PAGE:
Today, thanks to a roundup in PC Magazine of its 100 top free apps for various devices, I found a list of handy Blackberry apps here – http://www.pcmag.com/article2/0,2817,2366227,00.asp.
One of them, a browser called Bolt 2.1 looks particularly promising. And fast. And more like a real Web page than what I’ve been seeing previously. Bolt the Browser (and not the horse in the movie by that name) even loaded the graphic- and photo-heavy website operated by Ree Drummond — thepioneerwoman.com — quickly onto my phone. To see the huge photos, I had to scroll around on the tiny screen, so they’re not as beautiful as they are on her site, nor is her site set up to view on a mobile device, but loading thepioneerwoman.com worked faster and better than the regular Blackberry browser.
I’ll eventually take a look at several of the others recommended by PC Magazine for the Blackberry but if you want to see the list of its pick of the top 100 free apps 2010, no matter what your mobile device you’re using — iPhone, Android, Blackberry, etc., here’s the link: http://www.pcmag.com/article2/0,2817,2366292,00.asp.
~ Lillie-Beth (email@example.com)
Getting your mobile app idea to the iTunes store is all in your "App-titude" and finding people who can help
So, you and your friends have this great idea for an application for the iPhone that you think will change the world and make you a millionaire because so many people would want to download it.
Now what do you do? How do you develop it?
A couple of weeks ago, I wrote about three Oklahomans who have taken apps from concept to the iTunes store in different ways. Read the article at http://bit.ly/cNEFdl, or read below for information on how to contact them for your own app idea.
One of the Oklahomans, Heath Clinton, leads an Oklahoma City company, Phase 2 Interactive, that develops both mobile and web apps for individuals and businesses. In addition to developing websites, such as for the Oklahoma Heritage Association and SandRidge Energy, Phase 2 received attention this spring for its OKC Memorial Marathon mobile app. The company has others in the works, so stay tuned. Its developers’ first effort was a game called “Quadrangle”; a more recent one was for technology trends speaker Scott Klososky.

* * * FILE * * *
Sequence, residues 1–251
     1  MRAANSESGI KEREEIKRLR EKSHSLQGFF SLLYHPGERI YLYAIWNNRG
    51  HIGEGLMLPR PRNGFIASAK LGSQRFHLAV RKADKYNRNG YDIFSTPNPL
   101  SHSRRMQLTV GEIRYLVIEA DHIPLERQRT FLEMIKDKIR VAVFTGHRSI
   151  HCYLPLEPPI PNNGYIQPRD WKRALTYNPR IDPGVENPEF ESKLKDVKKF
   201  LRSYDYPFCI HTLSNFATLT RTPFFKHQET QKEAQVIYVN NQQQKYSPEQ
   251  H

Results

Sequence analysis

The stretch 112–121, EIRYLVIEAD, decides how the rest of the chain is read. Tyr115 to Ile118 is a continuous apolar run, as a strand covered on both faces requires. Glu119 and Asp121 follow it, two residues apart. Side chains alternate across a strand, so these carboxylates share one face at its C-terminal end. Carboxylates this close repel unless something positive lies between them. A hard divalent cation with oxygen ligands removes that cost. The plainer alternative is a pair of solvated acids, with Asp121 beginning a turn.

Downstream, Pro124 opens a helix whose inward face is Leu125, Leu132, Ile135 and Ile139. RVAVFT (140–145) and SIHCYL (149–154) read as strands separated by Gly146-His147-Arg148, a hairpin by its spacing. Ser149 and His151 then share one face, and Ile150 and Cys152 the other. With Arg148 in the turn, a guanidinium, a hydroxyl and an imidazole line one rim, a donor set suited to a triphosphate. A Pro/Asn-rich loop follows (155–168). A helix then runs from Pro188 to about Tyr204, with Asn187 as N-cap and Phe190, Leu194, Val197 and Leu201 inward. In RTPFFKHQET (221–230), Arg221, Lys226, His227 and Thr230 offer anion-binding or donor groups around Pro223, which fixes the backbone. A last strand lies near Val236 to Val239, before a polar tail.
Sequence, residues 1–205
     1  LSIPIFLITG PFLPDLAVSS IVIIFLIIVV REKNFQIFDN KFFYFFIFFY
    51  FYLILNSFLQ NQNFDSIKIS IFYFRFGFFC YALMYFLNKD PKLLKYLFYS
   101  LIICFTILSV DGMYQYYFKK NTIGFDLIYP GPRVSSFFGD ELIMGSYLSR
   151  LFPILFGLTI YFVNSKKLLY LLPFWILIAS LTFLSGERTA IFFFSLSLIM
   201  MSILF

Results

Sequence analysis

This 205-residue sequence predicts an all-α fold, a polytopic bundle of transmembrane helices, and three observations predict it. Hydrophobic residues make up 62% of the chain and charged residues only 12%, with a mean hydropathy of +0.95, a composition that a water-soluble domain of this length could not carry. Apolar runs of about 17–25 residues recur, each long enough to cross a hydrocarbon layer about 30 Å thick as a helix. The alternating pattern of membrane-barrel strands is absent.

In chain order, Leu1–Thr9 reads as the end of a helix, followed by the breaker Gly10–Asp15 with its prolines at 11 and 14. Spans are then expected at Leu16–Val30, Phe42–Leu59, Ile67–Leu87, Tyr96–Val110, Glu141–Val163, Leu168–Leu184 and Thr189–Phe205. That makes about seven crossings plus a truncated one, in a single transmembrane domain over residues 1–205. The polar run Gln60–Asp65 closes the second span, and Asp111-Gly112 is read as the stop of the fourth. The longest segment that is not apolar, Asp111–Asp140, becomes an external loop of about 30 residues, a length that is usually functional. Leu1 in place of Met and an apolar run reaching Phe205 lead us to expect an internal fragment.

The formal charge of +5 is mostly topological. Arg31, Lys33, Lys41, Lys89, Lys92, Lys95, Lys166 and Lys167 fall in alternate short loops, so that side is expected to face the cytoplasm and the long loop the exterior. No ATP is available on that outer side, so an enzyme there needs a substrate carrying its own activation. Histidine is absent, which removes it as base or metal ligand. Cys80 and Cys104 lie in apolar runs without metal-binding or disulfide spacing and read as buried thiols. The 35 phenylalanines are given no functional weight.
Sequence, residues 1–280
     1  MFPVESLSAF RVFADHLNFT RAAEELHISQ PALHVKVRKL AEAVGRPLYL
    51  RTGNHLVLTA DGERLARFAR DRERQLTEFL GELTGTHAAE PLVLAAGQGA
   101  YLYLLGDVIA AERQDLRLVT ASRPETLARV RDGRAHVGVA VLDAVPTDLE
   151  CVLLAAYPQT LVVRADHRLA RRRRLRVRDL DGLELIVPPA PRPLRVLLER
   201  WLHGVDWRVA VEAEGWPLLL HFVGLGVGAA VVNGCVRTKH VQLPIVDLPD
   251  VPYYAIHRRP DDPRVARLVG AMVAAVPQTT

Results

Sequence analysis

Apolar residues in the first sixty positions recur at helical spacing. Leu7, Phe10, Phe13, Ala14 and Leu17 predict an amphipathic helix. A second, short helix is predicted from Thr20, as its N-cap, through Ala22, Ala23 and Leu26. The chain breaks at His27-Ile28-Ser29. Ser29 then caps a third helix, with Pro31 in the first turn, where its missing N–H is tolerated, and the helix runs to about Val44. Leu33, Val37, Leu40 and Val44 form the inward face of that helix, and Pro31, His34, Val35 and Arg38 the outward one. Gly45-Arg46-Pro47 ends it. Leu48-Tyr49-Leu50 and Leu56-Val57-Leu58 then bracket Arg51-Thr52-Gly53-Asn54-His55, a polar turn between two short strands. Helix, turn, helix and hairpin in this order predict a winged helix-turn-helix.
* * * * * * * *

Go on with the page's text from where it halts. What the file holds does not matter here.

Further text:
Another Oklahoman, Holly Healey, had an idea for an app and wanted to learn what it meant to outsource something to India, a trend that she had read about. She turned to Brickwork India first and was connected to Rajan Barma, who has since formed his own company, Diya IT Solutions, based in Fremont, Calif. The app, “Who Owns That Plane?”, developed for AIC Title Co. of Oklahoma City, owned by Healey’s husband, is now on the app store. She has stayed in touch with “Raj” for other app ideas.
The third Oklahoman, Josh Wright of Norman, is a Web developer from Norman who decided to play around with his ideas for the iTunes store on his own. He has several, including “Pocket Tap,” grouped under the name “Bendy Tree.”
Three Oklahomans found slightly different ways to take their ideas from concept to an actual app.
If you’re interested in getting in touch with the two who do this for a living, here’s how to reach them:
Phase 2 Interactive, which has been in business in Oklahoma City for more than a decade, developing custom websites and software for businesses and institutions and has now branched into the mobile app area.
4100 Perimeter Center, Suite 310 Oklahoma City, OK 73112
Phone: (405) 917-3777
Fax: (405) 917-3799
Rajan Barma with Diya IT Solutions, Fremont, Calif., which develops web and mobile applications on any platform, providing project management and working with local resources if required.
E-mail: firstname.lastname@example.org or email@example.com
Phone: (510) 857-6880
~ Lillie-Beth Brinkman (firstname.lastname@example.org)